One of the things we will be marking today (25 February) is the 100th anniversary of the independence of Estonia.
This tiny, culturally distinct Northern European country has retained a unique identity through hundreds of years of often violent oppression by their larger neighbours, especially Germany, Russia and the Soviet Union. Freedom for this nation, first gained at the end of WW1, was regained in the now famous ‘singing revolution’, the only completely non-violent breakout from the Soviet empire in the early 1990’s.
The Christian faith of the population, consisting of Lutheran and Orthodox strands, is also distinctive in the sense that the holiness of trees and forests is an integral part of Estonian spirituality. Our choir will sing the Littlemore Tractus by Arvo Pärt today; this composer is not only Estonia’s most famous export, but he is also the inventor of the musical style he himself called ‘tintinnabulism’, which is a kind of spiritual minimalism.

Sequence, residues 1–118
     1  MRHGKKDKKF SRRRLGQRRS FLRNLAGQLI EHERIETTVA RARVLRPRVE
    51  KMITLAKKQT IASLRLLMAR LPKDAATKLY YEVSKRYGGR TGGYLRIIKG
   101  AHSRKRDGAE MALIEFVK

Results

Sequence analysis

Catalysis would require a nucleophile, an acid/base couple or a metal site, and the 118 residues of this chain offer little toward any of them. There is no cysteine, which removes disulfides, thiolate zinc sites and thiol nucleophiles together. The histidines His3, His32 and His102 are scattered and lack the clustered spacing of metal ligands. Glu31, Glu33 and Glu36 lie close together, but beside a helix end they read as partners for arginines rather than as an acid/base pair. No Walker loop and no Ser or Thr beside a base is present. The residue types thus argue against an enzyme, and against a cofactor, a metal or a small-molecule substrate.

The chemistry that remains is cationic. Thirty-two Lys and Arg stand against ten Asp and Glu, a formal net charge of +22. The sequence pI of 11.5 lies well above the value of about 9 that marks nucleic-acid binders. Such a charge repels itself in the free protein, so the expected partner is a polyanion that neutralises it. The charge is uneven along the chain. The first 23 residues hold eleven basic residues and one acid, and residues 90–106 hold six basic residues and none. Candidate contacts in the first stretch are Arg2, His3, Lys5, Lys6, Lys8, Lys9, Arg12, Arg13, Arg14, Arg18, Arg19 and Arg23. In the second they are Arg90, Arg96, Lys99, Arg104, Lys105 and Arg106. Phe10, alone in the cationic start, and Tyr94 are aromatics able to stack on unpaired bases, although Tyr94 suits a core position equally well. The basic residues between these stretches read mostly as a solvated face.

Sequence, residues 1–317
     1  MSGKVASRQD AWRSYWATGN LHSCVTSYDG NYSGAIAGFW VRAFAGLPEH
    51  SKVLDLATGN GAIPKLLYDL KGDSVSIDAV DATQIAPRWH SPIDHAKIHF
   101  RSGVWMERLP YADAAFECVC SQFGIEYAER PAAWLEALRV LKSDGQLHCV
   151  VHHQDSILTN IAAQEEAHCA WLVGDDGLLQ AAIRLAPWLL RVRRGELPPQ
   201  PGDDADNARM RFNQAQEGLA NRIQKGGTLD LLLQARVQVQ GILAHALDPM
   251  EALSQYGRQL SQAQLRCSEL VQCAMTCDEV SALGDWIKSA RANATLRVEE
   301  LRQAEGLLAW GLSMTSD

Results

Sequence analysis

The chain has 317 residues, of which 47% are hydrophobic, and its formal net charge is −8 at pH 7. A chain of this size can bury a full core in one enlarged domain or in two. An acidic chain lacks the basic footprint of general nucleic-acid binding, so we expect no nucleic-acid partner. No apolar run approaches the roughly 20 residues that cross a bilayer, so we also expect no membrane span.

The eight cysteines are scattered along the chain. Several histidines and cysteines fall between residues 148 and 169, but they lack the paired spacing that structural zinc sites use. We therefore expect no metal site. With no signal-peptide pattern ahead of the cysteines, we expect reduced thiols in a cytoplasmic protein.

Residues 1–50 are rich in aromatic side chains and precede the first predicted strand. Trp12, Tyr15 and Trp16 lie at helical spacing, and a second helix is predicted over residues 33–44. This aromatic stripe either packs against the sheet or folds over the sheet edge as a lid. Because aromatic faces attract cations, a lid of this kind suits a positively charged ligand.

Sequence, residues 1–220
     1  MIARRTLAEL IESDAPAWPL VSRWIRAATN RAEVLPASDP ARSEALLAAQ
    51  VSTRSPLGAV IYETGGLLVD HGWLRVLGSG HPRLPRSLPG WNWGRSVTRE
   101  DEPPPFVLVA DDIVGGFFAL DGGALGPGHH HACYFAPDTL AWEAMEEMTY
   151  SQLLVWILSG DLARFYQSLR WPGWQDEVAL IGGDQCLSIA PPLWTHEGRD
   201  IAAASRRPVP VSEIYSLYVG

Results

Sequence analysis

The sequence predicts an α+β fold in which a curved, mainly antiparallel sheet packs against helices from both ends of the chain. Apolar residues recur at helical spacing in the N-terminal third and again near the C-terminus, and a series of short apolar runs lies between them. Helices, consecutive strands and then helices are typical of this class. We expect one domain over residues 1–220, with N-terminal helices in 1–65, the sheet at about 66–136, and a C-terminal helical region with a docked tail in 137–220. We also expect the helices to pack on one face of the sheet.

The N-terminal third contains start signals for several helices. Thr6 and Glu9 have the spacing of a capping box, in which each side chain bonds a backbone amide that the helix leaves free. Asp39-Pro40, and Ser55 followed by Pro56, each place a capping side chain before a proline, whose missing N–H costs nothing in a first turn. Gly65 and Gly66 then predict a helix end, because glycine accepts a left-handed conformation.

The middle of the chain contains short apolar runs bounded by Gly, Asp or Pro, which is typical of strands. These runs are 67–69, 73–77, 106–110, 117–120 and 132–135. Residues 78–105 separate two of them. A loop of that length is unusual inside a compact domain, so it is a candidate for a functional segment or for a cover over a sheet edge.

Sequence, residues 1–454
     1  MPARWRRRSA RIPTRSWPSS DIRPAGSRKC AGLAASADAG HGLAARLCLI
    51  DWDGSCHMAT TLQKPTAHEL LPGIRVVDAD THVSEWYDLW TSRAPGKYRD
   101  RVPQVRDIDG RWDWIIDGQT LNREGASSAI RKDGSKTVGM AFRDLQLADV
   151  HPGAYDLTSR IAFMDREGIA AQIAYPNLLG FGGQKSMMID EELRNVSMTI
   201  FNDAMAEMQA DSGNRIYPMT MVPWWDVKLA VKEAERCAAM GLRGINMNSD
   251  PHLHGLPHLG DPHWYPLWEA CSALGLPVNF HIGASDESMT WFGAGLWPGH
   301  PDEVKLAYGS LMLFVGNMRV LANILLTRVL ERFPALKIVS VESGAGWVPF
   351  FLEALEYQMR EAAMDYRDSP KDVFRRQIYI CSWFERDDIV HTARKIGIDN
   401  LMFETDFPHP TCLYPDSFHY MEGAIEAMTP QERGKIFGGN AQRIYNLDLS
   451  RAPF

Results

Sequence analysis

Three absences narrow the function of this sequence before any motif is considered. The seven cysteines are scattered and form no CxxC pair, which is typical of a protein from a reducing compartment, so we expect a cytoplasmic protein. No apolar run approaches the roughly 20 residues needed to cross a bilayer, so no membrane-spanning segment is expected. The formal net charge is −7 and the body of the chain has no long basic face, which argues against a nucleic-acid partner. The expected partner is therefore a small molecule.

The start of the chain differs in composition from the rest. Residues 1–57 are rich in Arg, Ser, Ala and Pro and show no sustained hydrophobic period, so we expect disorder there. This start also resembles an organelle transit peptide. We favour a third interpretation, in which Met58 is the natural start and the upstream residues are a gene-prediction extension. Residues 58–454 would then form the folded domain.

As he himself said: ‘I have found that listening intently to just one single note, like the sound of a bell, is quite enough’. His music was banned in the Soviet Union after writing his first religious piece ‘Credo’.
I commissioned the piece sung today in 2001 to commemorate an anniversary of an English spiritual giant: John Henry Newman, these are his words from the end of one of his sermons:
“May He support us all the day long, till the shades lengthen, and the evening comes, and the busy world is hushed, and the fever of life is over, and our work is done! Then in his mercy may He give us a safe lodging, and a holy rest, and peace at the last.”
25 February 2018